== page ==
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There are a myriad of different dice games in the world, some dating back thousands of years. Dice games make use of a single die or a number of dice, often as their only real component. This makes them cheap and easy to carry around, and the rules to most dice games are very simple, making them ideal for gambling. As a result, dice games have been played for money for centuries, and in ages past were a common staple of any bar or gathering.
One of the ancient dice games, dating back at least to 14th century England, is Hazard. Hazard is played with two dice, and in spite of its fairly complex rules, was enormously popular throughout England. It was a staple gambling game through the 17th and 18th centuries, leading to all games of chance eventually being referred to as hazard games. Hazard involves one person throwing two dice, after choosing a number between 5 and 9 to be the main. Depending on what is rolled, the die caster can win, lose, or chance, in which case he keeps rolling. After three consecutive losses, the dice pass to the left, who is the new caster.
One of the more modern dice games, seen in most casinos, is craps. Craps is essentially a simplified version of Hazard, where the main is always set as the number 7. Craps in a casino is usually played against a bank owned by the casino, but the game can easily be played in less formal situations too, where the bank is made up of other gamblers who cover the bets against the dice. In a casino context, although only one person is the shooter and actually throws the dice, many players can bet on that player’s rolls. Craps is a game of pure chance, in which the house tends to have an edge of a bit less than 1.5% for 1:1 payouts, and a bit less than a 14% edge on 30:1 odds given on rolls such as a straight roll of a 2 or a 12.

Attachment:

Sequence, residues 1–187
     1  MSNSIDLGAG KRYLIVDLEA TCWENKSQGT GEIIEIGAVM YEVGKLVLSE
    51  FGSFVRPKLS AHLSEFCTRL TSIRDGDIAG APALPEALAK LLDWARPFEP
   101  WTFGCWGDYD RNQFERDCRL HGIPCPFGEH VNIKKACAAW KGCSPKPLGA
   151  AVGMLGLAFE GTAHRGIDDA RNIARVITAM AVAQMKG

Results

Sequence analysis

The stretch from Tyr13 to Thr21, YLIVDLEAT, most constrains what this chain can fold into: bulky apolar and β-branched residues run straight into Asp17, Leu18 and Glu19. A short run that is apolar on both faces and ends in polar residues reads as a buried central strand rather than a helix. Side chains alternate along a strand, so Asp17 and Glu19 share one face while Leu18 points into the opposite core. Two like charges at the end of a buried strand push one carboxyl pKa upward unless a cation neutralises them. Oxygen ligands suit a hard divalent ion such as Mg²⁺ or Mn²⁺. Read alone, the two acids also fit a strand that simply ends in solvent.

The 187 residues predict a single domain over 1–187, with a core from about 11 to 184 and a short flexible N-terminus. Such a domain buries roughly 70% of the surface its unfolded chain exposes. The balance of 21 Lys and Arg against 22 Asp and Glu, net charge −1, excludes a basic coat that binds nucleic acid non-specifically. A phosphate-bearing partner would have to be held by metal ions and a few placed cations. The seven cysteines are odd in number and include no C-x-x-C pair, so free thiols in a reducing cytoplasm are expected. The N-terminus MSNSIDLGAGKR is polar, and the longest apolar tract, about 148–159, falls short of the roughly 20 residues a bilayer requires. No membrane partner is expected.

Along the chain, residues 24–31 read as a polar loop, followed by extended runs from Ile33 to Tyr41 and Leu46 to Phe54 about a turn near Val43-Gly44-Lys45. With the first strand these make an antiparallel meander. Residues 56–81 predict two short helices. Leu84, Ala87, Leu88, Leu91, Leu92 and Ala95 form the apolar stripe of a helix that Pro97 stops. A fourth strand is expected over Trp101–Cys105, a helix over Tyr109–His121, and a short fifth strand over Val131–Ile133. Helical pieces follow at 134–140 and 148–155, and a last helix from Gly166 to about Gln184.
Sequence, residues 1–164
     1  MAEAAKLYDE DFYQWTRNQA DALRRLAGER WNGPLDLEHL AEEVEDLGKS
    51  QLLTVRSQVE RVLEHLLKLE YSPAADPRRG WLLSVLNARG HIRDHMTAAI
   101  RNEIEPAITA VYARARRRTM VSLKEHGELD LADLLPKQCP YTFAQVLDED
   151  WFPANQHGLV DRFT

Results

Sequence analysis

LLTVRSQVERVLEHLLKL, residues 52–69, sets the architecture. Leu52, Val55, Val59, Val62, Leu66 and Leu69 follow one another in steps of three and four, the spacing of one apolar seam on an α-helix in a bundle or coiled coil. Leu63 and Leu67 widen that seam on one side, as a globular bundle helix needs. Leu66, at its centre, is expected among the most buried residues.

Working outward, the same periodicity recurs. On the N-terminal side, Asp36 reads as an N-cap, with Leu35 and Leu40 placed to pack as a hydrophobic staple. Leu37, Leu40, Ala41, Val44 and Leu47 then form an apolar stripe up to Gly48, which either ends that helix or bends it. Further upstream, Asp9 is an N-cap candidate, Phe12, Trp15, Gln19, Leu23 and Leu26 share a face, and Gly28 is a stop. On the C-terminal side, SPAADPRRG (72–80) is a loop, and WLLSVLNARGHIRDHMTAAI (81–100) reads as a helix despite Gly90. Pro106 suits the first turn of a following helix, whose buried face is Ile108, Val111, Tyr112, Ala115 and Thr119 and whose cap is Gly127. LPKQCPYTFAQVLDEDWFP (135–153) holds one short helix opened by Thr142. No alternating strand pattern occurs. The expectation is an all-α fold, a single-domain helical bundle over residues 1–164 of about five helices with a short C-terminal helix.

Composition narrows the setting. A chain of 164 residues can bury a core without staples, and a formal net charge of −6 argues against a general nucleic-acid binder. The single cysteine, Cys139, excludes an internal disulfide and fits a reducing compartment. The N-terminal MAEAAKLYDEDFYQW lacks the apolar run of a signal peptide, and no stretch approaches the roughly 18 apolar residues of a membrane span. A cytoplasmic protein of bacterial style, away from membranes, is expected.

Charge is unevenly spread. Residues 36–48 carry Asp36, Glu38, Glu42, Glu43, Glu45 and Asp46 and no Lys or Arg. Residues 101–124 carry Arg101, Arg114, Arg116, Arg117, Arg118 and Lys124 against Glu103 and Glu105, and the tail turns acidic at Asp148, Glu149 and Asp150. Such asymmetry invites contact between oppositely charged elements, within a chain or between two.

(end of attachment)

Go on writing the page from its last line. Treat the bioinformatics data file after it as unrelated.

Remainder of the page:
Liar’s dice is another of the popular dice games, originally popularized by the Spanish in Latin America during the 16th century. There are many variations on liar’s dice, and it is well-known historically as being the game of choice among pirates. Many forms of liar’s dice are played between two players, but a number of variants can be played with as many players as you want. At its core, liar’s dice is about deceiving your opponent, and trying to read whether or not they are deceiving you. The dice are rolled while being hidden, and bids are made based on what the player says they have rolled. When the turn comes to a player, they may choose to challenge the previous bid if they think the previous player was lying. Liar’s dice can be played with normal pipped dice, or may be played with special dice that have various playing cards denoted on their faces to make poker hands.
Other popular dice games include Tabula, Pig, Shut the Box, Chingona, Cee-Lo, Three’s Out, Dudo, Zonk, Greed, and Mexico. Many dice games, such as Yahtzee and Backgammon also use dice as their primary component, although the games usually require additional pieces or boards as well.
One currently popular dice game that I *hate* is Bunco. I swear, people who play Bunco are fanatics about it! I went to a Bunco party one time. They had four tables. I was eliminated in the early round, so all I could do was sit and watch everyone else and be summarily ignored. That's happened every time I've ever been. Everyone is so absorbed in the game that they don't talk to anyone else.
Bunco seems to bring out the worst in some people. It's really a strange phenomenon.
I really like Yahtzee. I haven't played it a lot, but when I have, I've enjoyed it. It can be a little frustrating to get the required combinations, but it's usually just a lot of fun, and it doesn't take all night to play.
Backgammon is fun too, but it does take some skill and strategy. It's partly based on chance, but also on how well your opponent can out-think you. That's one of those games I learned on the computer, and I got my tail kicked regularly. Finally, I learned the strategy and it's a more even playing field, now.
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